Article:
AmphibiaWeb - Mixophyes coggeri


(Translations may not be accurate.)

Mixophyes coggeri Mahony, Donnellan, Richards & McDonald, 2006
family: Myobatrachidae
subfamily: Limnodynastinae
genus: Mixophyes
Species Description: Mahony M, Donnellan S, Richards S, McDonald 2006 Species boundaries among barred river frogs, Mixophyes (Anura: Myobatrachidae) in north-eastern Australia, with descriptions of two new species. Zootaxa 1228:35-60.
Mixophyes coggeri
© 2013 Nathan Litjens (1 of 6)
Conservation Status (definitions)
IUCN Red List Status Account Least Concern (LC)
National Status None
Regional Status None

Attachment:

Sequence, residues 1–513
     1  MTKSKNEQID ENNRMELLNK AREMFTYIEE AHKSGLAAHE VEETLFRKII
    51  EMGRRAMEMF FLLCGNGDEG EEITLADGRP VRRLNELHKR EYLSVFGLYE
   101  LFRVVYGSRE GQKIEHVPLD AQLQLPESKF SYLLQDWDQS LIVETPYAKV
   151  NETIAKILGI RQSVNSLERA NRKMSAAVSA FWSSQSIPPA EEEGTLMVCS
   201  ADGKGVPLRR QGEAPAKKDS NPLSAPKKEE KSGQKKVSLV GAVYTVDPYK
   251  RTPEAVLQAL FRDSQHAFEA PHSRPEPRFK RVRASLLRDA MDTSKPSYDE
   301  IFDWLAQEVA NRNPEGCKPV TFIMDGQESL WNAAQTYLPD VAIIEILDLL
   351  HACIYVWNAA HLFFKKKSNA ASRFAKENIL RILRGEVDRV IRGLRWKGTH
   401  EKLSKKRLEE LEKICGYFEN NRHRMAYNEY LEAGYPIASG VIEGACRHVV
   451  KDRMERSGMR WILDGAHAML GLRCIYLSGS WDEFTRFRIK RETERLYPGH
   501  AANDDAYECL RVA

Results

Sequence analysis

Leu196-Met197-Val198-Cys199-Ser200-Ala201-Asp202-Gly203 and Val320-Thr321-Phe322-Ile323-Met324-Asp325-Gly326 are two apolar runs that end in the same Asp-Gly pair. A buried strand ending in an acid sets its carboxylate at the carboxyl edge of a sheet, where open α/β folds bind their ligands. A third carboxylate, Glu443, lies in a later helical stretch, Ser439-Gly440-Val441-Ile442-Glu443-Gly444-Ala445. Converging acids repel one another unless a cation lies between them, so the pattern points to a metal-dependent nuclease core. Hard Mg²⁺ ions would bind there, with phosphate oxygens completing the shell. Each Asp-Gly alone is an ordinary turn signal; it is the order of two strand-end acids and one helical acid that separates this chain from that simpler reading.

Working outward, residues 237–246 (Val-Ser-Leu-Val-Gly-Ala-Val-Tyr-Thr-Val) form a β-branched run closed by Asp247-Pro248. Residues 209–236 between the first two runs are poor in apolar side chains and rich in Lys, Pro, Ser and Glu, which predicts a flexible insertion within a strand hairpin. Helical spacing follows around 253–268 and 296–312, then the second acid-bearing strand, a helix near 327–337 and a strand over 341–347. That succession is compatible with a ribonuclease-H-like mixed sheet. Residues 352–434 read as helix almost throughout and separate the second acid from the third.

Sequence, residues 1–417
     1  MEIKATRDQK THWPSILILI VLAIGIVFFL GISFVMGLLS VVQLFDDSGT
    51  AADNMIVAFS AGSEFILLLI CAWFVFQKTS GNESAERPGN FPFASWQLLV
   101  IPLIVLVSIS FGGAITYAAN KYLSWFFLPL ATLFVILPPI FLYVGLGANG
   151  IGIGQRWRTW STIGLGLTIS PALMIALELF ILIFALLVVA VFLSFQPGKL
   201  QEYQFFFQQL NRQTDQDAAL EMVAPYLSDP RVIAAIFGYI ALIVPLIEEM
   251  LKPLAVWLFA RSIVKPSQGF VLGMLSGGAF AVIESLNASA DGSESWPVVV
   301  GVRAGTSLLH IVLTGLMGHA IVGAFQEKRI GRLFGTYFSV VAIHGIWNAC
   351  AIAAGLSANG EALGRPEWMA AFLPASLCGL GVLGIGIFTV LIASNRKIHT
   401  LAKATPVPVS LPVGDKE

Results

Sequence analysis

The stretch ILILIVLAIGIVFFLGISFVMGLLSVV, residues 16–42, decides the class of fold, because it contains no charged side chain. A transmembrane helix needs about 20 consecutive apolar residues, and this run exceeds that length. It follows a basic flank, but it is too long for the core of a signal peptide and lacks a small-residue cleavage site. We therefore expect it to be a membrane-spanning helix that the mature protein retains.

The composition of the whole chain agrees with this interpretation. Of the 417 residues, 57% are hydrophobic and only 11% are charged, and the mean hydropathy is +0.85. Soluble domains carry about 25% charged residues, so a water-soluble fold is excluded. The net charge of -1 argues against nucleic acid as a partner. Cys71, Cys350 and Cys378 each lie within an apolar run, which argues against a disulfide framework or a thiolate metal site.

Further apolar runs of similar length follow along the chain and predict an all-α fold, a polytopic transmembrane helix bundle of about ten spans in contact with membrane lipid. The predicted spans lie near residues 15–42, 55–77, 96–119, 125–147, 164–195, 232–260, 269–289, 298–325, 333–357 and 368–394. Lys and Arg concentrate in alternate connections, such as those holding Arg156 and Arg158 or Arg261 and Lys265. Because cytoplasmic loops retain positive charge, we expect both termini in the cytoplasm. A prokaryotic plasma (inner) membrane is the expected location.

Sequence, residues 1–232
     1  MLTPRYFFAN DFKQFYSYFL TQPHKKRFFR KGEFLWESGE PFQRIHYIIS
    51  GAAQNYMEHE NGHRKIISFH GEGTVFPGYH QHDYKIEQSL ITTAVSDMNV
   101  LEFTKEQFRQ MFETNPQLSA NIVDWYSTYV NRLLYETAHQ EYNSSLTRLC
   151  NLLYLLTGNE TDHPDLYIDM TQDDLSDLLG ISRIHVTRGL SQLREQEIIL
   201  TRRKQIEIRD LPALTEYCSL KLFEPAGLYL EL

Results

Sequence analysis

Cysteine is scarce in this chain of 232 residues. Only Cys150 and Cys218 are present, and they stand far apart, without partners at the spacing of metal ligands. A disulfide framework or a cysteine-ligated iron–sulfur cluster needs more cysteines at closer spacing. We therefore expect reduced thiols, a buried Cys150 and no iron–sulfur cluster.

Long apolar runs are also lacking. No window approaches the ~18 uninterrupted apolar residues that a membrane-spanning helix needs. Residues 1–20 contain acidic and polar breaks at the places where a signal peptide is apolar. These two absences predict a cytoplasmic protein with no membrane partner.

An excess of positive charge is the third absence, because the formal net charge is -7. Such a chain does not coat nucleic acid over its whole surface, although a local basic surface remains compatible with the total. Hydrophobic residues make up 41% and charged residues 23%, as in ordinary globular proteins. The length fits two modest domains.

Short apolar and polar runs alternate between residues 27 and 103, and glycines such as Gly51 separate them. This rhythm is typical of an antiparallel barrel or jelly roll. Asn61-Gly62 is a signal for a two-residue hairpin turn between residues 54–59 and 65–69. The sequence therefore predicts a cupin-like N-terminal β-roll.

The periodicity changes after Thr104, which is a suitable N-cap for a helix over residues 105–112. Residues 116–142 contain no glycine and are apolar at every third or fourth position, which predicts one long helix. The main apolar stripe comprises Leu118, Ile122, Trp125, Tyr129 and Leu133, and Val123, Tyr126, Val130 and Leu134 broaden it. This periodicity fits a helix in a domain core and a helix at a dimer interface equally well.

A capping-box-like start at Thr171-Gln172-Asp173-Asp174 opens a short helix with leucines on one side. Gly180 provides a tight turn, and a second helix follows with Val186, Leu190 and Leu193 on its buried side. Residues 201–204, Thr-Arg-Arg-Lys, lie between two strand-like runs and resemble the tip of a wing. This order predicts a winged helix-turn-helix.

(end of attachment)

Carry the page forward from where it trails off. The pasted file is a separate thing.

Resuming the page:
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Diagnosis: Can be distinguished from other members of the Mixophyes schevilli species complex by the following combination of characters: 0-9 large irregular pale blotches with dark borders, 1-11 mm in diameter, concentrated on the distal thigh for M. coggeri vs. 1-13 symmetrical pale blotches with dark borders, 1-6 mm in diameter, concentrated on the distal thigh for M. schevilli, or posterior surface of thighs uniformly dark with many small pale rounded spots (9-35 spots per thigh, 1.0-1.7 mm in diameter), evenly distributed along the length of the thigh for M. carbinensis. In M. carbinensis the patterning on the dorsal and posterior surfaces of the leg is more visible as it contrasts more strongly with the ground color than in M. schevilli and M. coggeri (Mahony et al. 2006).